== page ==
Last week's blog promised a follow-up this week about more specific information in the nature of debt collection communication. My blog from May 30th, 2018 [which can be accessed by clicking here] addressed debt collection in general. This week, I address restrictions on collection communication via email, phone and text.

To begin this discussion, let's assume that the installment lender or credit seller is communicating with the customer about a debt that is owed by the customer to the lender or seller—not a debt that is owed to a third party. If the debt is owed to another, then the Fair Debt Collection Practices Act probably applies.

So, the more modern and effective methods to communicate with your customer about collection (as opposed to soliciting new loans or services or telemarketing to your customers) include phone calls, texting and email. Of course, snail mail remains an option but hardly new. There are legal and regulatory restrictions associated with these more modern methods, which can be summarized as follows:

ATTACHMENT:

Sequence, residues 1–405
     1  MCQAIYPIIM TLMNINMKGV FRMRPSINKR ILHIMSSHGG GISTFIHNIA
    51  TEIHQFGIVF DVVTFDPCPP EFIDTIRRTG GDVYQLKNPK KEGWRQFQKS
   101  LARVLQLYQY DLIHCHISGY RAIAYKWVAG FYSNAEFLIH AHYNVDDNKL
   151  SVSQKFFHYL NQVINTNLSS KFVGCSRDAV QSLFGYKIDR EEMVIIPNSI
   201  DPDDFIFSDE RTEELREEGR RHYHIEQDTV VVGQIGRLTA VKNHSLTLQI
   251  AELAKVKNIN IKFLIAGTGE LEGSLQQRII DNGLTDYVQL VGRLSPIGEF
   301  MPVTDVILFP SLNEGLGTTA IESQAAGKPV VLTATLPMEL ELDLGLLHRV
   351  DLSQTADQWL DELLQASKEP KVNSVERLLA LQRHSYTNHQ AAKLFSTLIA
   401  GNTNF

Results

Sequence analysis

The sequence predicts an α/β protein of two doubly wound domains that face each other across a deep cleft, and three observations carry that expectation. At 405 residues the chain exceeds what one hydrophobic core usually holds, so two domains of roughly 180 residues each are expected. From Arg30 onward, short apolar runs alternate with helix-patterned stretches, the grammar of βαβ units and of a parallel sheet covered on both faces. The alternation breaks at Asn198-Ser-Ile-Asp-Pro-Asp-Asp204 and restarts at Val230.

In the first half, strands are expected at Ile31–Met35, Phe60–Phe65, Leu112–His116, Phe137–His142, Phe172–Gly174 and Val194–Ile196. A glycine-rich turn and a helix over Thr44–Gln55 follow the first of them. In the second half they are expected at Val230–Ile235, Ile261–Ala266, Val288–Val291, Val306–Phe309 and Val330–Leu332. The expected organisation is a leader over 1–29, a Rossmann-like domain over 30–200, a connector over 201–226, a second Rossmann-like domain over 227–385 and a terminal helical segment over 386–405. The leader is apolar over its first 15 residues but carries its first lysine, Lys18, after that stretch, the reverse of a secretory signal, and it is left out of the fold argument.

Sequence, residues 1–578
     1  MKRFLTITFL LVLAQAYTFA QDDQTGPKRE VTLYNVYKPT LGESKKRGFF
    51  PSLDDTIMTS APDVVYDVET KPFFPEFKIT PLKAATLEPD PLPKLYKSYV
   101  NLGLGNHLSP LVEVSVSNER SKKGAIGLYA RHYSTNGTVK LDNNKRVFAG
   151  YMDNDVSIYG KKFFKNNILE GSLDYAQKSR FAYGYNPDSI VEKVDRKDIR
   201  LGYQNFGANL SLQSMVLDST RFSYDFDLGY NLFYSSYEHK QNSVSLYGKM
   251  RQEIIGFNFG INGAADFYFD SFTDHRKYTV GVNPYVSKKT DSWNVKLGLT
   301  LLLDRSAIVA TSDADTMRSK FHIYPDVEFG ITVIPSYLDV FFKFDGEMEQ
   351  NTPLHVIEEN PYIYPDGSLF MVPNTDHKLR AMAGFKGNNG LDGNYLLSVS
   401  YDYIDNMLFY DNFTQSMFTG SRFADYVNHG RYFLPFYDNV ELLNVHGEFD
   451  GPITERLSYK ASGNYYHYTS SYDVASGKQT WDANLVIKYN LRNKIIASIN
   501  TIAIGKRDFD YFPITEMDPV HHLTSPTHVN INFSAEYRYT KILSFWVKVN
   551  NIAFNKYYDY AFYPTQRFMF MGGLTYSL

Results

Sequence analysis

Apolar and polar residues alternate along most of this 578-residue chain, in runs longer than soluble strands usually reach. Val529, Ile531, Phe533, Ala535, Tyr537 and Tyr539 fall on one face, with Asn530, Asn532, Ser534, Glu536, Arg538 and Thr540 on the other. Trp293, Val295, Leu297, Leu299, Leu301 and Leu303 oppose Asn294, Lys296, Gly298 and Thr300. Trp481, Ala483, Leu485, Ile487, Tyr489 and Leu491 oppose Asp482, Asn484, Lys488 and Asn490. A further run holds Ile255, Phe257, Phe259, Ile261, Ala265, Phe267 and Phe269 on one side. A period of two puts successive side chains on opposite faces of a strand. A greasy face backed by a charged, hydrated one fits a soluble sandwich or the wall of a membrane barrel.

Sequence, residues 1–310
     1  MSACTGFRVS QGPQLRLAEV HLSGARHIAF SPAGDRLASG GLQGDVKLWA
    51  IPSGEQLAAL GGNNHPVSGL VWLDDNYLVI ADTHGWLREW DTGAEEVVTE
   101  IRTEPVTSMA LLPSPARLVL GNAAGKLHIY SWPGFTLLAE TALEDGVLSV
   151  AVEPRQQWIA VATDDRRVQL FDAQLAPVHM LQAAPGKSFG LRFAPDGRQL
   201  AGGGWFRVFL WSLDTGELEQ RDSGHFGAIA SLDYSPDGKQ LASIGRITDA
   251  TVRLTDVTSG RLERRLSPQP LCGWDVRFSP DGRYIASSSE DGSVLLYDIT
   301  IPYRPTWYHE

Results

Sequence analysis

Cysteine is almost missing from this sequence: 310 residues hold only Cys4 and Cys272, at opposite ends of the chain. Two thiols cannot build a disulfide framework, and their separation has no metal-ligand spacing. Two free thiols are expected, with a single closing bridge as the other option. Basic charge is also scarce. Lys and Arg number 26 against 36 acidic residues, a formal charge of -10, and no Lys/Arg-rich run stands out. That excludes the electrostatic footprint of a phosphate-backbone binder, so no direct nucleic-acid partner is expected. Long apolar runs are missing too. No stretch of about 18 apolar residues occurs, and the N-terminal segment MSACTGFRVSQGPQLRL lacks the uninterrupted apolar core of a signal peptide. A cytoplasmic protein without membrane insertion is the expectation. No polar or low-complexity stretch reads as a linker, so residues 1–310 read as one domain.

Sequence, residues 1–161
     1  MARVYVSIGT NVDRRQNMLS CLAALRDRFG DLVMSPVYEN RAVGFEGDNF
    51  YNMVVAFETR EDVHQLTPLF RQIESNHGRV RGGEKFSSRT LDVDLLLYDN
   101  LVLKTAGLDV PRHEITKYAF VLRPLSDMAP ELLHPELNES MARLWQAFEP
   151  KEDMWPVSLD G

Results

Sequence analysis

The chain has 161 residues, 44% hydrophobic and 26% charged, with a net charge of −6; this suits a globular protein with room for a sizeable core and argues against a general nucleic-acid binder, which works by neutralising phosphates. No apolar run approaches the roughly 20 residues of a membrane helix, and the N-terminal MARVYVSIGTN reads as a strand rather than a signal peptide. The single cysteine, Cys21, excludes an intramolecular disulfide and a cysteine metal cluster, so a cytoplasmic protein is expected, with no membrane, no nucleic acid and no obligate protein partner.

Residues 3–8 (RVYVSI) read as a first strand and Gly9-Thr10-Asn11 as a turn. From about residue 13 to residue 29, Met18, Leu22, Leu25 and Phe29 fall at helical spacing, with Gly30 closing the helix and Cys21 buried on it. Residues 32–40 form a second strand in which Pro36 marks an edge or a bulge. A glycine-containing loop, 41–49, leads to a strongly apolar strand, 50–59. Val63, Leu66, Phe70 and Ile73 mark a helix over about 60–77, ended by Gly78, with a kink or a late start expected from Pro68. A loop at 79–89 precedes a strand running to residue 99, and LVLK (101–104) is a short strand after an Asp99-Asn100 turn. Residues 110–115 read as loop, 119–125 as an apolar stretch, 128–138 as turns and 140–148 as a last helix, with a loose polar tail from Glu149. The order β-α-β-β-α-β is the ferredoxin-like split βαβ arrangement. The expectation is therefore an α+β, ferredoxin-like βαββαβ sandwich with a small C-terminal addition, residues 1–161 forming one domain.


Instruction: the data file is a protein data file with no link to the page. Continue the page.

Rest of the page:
• Original voice calls to the customer's cell phone: If an automated telephone dialing system (“ATDS”) is used, then prior express consent of the customer is required.
    • If not using an ATDS, then no consent is required.
  • Prerecorded/artificial voice calls to the customer's cell phone: prior express consent is required.
  • Text messaging to the customer: If using an ATDS, prior express consent is required.
    • If not using an ATDS, no consent is required.
  • Original voice calls to the customer's home phone: No consent is required.
  • Prerecorded/artificial voice calls to the customer's home phone: No consent is required.
  • Emailing the customer: No consent is required.

It is important to say that even though “consent” may not be required in some of the forms of communications by federal law, states may have enacted laws that require consent. So, it is important to review states' laws and regulations on the subject of consent. Further, it is always good practice to obtain the customer's consent to these various forms of communication anyway; and this is often best done at the start of the customer relationship.

Today's take-a-way:

Practice Pointer: Obtain your customer's prior express consent at the commencement of the customer relationship, to communicate via U.S. Mail, in-person solicitation,* email, text and telephone.

*more about in-person communication (field calling) coming up…